…As NIC demands mergers
By Sheila A. WILLIAMS
A Deputy Minister for Finance, Madam Abena Osei Asare, has indicated that “government has begun work to improve insurance regulation in the country.
Speaking with Business Day Ghana at the 4th Life Insurance Conference organized in Accra by the Ghana Insurers Association last Tuesday, the deputy minister noted that government considers insurance penetration in Ghana to be low.
Thus, government would work to facilitate improvement on the penetration as well as better regulate the insurance sector, she mentioned.
The insurance penetration rate, which is currently below 2% as compared to the Africa average of 3.5%, is rather worrying for a country that aims at significantly improving financial inclusion.
Insurance is based on the principles of large numbers and the engagement of the hitherto ignored informal sector can contribute significantly to building the numbers.
In this regard, insurance companies need to work more on their customer service and claims management in order to yield good returns. The magic of technology remains pivotal to service delivery in modern times and brings benefit to the industry.
Financial inclusion strategy
Madam Osei Asare used the occasion to announce that the Government of Ghana, in collaboration with Development Partners, is developing a National Financial Inclusion Strategy (NFIS) aimed at increasing access to formal financial services for adult population from the current 58% to 75% by 2013.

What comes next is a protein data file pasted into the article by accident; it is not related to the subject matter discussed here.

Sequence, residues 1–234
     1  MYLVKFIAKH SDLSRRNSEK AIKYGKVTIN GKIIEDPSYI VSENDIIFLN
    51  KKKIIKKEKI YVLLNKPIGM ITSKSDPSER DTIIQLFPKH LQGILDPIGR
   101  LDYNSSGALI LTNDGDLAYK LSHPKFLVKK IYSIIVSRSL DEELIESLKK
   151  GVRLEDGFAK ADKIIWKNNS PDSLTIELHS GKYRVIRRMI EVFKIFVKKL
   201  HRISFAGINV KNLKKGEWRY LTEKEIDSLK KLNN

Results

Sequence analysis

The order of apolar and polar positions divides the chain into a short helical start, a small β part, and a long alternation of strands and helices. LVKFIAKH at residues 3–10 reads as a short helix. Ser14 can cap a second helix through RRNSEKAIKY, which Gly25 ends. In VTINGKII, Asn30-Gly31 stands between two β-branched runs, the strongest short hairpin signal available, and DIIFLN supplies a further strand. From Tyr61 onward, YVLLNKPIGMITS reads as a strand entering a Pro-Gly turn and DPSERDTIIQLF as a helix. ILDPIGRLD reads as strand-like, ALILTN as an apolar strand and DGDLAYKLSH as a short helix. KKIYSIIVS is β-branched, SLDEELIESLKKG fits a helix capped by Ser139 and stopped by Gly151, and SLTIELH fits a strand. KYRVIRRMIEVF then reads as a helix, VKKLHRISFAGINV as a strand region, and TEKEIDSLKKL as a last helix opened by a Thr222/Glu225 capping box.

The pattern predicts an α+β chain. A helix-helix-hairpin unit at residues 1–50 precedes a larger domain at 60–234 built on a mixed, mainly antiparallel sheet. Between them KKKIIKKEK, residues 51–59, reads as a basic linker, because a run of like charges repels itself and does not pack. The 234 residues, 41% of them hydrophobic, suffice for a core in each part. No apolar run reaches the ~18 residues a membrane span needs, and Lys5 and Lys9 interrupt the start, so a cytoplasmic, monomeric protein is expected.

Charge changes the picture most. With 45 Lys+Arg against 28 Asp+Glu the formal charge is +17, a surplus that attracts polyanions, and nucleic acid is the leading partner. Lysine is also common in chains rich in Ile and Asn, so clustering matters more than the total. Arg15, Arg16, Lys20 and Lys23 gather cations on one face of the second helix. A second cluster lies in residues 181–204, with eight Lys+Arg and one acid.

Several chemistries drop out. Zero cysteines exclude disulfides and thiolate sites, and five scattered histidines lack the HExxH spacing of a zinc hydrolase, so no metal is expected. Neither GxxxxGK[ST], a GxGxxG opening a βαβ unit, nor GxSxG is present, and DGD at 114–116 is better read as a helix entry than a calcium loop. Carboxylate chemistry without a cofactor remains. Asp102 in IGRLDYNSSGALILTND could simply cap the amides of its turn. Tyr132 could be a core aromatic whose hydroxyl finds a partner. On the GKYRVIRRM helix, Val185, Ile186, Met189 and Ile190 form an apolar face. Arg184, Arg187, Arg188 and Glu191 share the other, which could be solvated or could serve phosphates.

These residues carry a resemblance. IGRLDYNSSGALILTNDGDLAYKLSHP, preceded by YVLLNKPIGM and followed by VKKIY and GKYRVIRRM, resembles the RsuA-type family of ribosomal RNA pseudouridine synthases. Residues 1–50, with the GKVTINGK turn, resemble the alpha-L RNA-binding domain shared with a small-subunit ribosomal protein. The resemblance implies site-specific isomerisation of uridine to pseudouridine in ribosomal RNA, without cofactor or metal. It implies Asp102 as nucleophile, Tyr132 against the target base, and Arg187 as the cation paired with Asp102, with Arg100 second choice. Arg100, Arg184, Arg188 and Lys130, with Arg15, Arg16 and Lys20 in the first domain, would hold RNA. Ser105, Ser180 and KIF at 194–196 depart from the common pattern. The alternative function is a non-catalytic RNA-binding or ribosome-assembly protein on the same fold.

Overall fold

The implementation of the strategy will also address major challenges that inhibit financial inclusion such as low access to credit, low savings culture, financial illiteracy, and financial instability. This will bring several benefits to the economy whiles reducing poverty and promoting inclusive growth.
The Financial Inclusion Strategy will serve as a key driver to the development of an ecosystem of financial service providers and the use of technologically driven delivery channels that will serve consumers better.
Given the diverse nature of financial services, the strategy will focus on highly excluded groups, including rural residents, women, youth and the poorest quartile of the population.
Pull rather than push
Presenting on “Extending Coverage of Life Insurance in Ghana: A collective responsibility,” Mr. Tom Gitogo, Group CEO of CIC Insurance (Nairobi–Kenya), advised insurance sector players to invest more in talent, involve the IT professional in decision making, and make good use of data storage.
Life Insurance works best with “pull rather than push,” he added.
Also, infrastructure, proper management of client data would help yield good returns not for the policy holder alone but for the government in general.
Madam Lydia Lariba Bawa, the Commissioner of National Insurance Commission (NIC), was of the view that it is time for some insurance companies to merge since there are too many insurance companies with low capacity in the country.
“If you take the Nigerian market, which is over 173 million, they have only 50 companies. In Ghana we have about 50 companies for our small population which is about the population of Lagos. If you take Kenya there are about 46 companies for a population of over 45 million people. Here in Ghana the companies don’t want to merge. Everybody wants to keep a small company which is inefficient and has inadequate capital,” she observed.
She stated that even though all insurance companies were expected to meet the requirement by 2015, many could not raise the capital, hence were given a period after which they may face the next action from the commission.
She however pointed out that delisting companies may be difficult due to policies undertaken; hence, the need for them to consider mergers to boost their capacity.